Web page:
Federal Judge in Florida Decisively Rejects Drug Testing for TANF Participants – Lessons from Lebron v. Wilkins

January 20, 2014 by David S. Seltzer

Should it be a crime in Florida to be poor?

As Florida rang in the New Year, U.S. District Judge, Mary Stenson Scriven, issued a 30-page order rejecting the state’s drug test requirements for TANF (Temporary Assistance for Needy Families) program participants.

Last February, the 11th Circuit Court of Appeals made it clear that it was less than pleased with the state's law by issuing an injunction. The 11th Circuit's ruling was long overdue: suspicionless drug testing -- mandatory for TANF program participants -- clearly has created needless obstacles for poor people desperate for a break.

Consider one salient (and sad) example, the case of Lebron v. Wilkins. In the summer of 2011, a 35-year-old FSU student -- who needed to care for a 4-year-old child and a disabled mother -- was thrown to the jaws of the bureaucracy. His fight for Temporary Assistance became a rallying point for opponents of mandatory suspicionless drug testing, who have argued that such laws effectively criminalize the act of being poor.

What's the basic concern that lawmakers had when they crafted this law?

Their worry was that funds might be diverted from Temporary Assistance programs and funneled into illegal operations that could, ultimately, undermine public health and public safety. On the surface, this sounds like a noble, understandable quest.

The state justified its desire for suspicionless drug testing of TANF candidates on the following grounds:

• TANF candidates need to be job-ready -- if they're hooked on drugs, they won't be;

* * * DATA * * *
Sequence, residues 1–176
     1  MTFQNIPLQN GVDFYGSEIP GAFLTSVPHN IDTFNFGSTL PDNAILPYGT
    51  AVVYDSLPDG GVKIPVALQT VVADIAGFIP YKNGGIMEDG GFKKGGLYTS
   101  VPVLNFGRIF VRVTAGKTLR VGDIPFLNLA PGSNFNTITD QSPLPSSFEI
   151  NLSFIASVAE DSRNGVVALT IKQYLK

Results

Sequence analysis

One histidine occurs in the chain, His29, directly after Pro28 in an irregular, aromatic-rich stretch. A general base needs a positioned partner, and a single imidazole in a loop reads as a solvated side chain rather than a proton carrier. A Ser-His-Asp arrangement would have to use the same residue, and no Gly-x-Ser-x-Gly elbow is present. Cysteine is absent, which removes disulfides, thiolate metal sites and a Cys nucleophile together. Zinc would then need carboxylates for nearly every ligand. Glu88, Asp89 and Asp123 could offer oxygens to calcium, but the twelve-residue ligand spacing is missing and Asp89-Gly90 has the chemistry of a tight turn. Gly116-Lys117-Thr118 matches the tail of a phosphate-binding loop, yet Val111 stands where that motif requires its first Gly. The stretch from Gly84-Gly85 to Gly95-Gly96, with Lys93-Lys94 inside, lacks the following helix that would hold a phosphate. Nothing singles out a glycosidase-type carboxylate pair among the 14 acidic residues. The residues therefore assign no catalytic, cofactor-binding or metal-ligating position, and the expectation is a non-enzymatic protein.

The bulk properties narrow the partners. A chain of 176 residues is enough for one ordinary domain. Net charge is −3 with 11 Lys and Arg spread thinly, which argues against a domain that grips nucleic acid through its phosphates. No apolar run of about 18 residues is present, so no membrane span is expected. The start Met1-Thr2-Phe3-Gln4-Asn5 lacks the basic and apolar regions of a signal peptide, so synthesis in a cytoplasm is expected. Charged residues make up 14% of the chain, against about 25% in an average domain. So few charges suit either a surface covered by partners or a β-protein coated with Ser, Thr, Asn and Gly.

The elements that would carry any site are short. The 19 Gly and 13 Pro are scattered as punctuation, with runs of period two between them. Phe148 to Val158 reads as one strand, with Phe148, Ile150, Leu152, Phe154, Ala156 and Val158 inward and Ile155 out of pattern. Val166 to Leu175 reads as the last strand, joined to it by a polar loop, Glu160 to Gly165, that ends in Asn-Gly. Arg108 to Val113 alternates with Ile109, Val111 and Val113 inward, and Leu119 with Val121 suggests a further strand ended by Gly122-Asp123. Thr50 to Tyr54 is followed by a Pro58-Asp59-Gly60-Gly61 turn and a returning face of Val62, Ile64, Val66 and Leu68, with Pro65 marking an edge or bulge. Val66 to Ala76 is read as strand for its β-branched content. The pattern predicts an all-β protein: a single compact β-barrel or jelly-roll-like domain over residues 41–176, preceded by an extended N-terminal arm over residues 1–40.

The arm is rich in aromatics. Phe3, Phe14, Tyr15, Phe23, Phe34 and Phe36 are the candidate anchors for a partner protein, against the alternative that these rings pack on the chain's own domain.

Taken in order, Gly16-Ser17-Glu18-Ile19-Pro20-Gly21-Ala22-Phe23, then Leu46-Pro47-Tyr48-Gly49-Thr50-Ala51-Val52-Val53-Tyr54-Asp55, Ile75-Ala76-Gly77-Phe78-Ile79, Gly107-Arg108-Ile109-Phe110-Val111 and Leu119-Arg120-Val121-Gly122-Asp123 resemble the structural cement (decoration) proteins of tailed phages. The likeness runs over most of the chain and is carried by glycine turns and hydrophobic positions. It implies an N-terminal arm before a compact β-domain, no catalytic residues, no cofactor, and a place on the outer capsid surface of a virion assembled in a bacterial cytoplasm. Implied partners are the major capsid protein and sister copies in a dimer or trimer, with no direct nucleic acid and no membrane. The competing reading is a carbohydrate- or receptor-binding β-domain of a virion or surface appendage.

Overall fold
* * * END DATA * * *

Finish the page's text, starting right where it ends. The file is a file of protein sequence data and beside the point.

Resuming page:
• The TANF program's output should be used to promote family stability and help children;
• The state needs to protect the use of public funds -- that is, to ensure they're being used properly and effectively.

Both Judge Scriven -- and the (uber conservative) 11th Circuit before her -- found flaws with the state's case. Here's a telling quote from the 11th Circuit’s injunction: “The only pertinent inquiry is whether there is a substantial special need for mandatory, suspicionless drug testing of TANF… we conclude that… the answer… is 'no.'"

In fact, a 1998 study actually found that TANF recipients were less likely than average Floridians to use drugs. Such evidence would seem to smash apart the fundamental premise of the law. Yet despite this evidence (and evidence like it), 29 states around the country have introduced similar laws, which, some might argue, effectively make being poor akin to committing a criminal offense.

Who needs good evidence, such as the 1998 study, when there's a compelling (albeit flawed) story to tell?

Keep scanning the news headlines, as other, similar cases wind up before federal court.

For help coming to terms with your charges, connect with a Florida criminal defense attorney here at Seltzer Law, PA, at 1-888-THE-DEFENSE (888-843-3333) for a free consultation, or email our team now.